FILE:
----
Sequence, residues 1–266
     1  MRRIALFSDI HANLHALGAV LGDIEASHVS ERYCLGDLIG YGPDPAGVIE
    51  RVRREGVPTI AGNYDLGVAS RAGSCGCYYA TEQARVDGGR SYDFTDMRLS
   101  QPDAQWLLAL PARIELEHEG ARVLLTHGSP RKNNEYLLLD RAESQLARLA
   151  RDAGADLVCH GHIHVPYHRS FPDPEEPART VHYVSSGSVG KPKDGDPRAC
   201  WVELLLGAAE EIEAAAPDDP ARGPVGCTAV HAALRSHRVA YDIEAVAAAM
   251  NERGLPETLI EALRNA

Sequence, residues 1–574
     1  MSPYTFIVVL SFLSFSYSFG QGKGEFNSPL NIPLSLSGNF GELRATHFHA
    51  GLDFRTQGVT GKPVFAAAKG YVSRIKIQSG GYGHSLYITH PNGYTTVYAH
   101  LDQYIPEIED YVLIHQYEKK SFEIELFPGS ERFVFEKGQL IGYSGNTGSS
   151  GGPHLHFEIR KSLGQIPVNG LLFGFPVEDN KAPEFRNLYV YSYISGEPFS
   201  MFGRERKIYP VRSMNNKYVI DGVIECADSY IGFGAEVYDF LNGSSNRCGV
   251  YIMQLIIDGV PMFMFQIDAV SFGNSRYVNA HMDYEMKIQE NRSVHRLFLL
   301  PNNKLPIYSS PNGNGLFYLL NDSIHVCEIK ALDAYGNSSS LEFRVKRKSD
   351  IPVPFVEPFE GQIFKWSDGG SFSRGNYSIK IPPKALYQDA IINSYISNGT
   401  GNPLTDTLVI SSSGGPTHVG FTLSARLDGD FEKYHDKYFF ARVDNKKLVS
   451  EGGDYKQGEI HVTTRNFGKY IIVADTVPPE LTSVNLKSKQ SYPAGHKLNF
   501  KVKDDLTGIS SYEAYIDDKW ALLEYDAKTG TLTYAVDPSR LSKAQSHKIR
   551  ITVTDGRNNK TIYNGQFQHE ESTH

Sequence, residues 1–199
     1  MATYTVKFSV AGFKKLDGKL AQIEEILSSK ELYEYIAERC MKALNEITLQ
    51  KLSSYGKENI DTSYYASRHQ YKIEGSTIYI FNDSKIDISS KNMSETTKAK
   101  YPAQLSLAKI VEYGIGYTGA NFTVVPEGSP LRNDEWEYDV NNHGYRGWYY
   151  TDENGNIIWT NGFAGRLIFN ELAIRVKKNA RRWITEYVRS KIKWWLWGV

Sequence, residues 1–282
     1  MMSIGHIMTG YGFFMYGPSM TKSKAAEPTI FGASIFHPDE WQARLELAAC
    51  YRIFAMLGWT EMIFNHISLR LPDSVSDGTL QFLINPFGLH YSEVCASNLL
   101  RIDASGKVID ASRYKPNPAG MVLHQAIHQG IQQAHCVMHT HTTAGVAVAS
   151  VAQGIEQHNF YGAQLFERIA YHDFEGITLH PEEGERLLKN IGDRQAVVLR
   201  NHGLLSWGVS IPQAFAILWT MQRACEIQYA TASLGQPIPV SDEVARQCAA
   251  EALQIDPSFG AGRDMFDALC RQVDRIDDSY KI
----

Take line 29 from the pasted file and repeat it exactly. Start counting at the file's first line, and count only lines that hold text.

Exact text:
   101  RIDASGKVID ASRYKPNPAG MVLHQAIHQG IQQAHCVMHT HTTAGVAVAS